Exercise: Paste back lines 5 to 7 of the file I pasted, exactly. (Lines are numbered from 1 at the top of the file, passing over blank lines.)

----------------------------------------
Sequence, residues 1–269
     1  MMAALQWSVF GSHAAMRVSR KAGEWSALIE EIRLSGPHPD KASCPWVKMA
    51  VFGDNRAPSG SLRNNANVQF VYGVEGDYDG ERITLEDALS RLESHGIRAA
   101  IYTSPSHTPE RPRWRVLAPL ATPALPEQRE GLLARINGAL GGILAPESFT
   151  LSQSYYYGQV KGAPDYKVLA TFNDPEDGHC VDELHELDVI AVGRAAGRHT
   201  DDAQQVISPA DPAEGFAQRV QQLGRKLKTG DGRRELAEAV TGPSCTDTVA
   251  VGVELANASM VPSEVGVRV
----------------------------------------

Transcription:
   151  LSQSYYYGQV KGAPDYKVLA TFNDPEDGHC VDELHELDVI AVGRAAGRHT
   201  DDAQQVISPA DPAEGFAQRV QQLGRKLKTG DGRRELAEAV TGPSCTDTVA
   251  VGVELANASM VPSEVGVRV